With its timber framed houses, country parks and association with William Shakespeare, the county of Warwickshire is picture postcard England. But beneath the patina of Olde Worlde charm lie stark divisions in attitudes to Brexit.

Of course the U.K. has always diverged along political lines, from Thatcherism to Blairism. What attracts today’s comparisons with the 17th century is the constitutional chaos on top. Then, the country chose sides as Parliament and Oliver Cromwell’s Puritans asserted authority over King Charles I and his Catholic household in a standoff over religion and power that ultimately led to war and regicide.

In an echo of Brexit’s patchwork of “leave” and “remain” voting areas, the civil war cleaved along the lines of individual towns and cities depending on which way they declared, for Parliament or the King. Indeed, the political map of the Brexit vote resembles the distribution of support for both sides in the civil war, Stefan Collignon, a professor at the London School of Economics wrote in March last year.

In Warwickshire, Stratford-upon-Avon was sandwiched between Parliamentarian and Royalist forces, and took in casualties from the war’s first major battle at Edgehill.

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OUR NATION IS IN REAL TROUBLE and the seeds of a second conflagration have been sown. Not between the states – but between true patriots who believe in our nation ’ s founding principles and those who are working every day to Can the next civil war be stopped? Any parallels to history?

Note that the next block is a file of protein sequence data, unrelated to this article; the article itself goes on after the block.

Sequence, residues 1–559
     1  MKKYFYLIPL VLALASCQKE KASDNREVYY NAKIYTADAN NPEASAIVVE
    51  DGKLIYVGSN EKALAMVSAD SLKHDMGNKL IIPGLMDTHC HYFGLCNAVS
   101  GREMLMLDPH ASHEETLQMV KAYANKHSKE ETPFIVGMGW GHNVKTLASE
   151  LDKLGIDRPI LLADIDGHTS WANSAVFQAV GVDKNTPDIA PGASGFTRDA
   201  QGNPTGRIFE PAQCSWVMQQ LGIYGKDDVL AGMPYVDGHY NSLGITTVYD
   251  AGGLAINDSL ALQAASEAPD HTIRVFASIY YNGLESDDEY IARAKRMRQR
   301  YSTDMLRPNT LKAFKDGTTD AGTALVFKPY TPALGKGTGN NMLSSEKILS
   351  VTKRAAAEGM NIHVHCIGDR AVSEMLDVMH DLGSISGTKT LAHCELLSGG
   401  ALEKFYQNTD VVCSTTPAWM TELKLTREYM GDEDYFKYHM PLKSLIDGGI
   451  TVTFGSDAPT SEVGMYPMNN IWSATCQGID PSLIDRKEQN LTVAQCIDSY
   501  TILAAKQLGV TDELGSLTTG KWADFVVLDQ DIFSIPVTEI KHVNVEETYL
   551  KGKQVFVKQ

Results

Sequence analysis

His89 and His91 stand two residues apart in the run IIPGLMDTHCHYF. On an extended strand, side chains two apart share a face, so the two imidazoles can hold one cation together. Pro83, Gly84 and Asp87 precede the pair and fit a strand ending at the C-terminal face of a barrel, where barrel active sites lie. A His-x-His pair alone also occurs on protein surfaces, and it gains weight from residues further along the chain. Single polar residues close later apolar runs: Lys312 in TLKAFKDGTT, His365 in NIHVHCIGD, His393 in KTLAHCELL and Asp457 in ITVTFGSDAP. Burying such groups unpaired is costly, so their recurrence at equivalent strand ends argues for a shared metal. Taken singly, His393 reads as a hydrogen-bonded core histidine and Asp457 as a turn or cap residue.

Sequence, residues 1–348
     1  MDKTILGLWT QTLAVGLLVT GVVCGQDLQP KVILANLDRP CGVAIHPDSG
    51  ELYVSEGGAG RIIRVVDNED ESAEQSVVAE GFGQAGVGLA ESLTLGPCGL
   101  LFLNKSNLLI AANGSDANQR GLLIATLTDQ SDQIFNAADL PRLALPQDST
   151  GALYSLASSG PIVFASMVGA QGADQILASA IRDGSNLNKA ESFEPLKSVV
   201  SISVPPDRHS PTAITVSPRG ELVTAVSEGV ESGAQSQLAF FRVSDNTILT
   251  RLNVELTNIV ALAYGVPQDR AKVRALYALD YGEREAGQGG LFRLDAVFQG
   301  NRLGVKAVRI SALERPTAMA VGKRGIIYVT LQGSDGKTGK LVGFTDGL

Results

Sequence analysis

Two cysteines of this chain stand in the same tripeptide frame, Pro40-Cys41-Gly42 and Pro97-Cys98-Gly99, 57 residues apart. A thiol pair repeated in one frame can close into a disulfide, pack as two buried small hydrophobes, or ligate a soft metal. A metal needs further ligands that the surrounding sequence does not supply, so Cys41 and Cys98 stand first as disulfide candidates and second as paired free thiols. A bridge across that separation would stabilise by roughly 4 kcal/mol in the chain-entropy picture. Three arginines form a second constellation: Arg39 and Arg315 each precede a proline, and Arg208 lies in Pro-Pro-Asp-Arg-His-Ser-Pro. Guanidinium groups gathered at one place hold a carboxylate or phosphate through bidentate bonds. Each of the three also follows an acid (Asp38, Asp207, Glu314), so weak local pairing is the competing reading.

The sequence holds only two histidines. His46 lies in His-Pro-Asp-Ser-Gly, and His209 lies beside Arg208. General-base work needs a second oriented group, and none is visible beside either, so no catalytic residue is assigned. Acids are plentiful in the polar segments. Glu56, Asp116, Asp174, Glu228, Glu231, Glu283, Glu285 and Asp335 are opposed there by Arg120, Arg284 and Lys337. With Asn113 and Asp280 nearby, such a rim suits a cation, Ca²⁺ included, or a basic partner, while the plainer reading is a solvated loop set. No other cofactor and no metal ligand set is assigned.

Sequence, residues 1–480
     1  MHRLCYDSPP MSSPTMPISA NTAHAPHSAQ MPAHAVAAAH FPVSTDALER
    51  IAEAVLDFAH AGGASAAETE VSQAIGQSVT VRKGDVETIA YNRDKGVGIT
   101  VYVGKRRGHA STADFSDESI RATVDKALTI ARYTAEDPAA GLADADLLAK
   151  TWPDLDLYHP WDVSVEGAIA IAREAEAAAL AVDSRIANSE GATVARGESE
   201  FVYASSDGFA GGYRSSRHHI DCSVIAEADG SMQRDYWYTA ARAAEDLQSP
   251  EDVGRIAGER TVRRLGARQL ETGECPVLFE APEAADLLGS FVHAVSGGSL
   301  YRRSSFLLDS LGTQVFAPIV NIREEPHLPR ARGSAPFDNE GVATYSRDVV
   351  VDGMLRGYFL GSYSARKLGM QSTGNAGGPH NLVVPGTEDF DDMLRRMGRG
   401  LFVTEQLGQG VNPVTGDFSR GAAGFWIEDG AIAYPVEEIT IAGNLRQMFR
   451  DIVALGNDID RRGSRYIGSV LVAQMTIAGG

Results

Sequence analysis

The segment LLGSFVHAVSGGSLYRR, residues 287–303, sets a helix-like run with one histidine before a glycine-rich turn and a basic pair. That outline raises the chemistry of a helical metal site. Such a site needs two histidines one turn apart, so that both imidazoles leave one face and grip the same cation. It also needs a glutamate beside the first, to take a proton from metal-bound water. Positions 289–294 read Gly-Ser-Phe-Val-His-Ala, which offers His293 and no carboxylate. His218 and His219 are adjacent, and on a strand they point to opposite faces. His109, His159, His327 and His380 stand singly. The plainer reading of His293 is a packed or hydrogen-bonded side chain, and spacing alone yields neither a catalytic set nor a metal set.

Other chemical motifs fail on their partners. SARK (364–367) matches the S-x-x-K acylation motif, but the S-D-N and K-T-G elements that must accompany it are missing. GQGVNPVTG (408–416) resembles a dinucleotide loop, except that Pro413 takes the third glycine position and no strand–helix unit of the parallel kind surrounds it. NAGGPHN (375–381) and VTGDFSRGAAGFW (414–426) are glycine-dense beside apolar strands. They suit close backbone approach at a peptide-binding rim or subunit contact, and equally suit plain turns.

Stop the Coming Civil War : My Savage Truth. OUR NATION IS IN REAL TROUBLE and the seeds of a second conflagration have been sown. Not between the states – but between true patriots who believe in our nation ’ s founding principles and those who are working every day to undermine them and

Stratford, Shakespeare’s birthplace, is a 20 minute drive to the southwest of Warwick but a different world in its Brexit outlook. Whereas Warwick and its surroundings are home to workers from the nearby Jaguar Land Rover plants and left-leaning, pro-European students and academics from Warwick University, Stratford relies on tourism, the hospitality industry and foreign workers to staff it.

Warwick voted 59% to 41% in favour of remaining in the EU. Stratford voted 52% to 48% to Leave, bang in line with the country as a whole.

Will Brexit Trigger the Nation’s Next Civil War? © Bloomberg The Brexit Siege

Walking around Stratford, past the Tudor houses and boats on the river Avon, there is little outward evidence of tension. That’s no comfort to Sophie Clausen, an artist and author originally from Denmark who first came to Britain as an art student in 1984.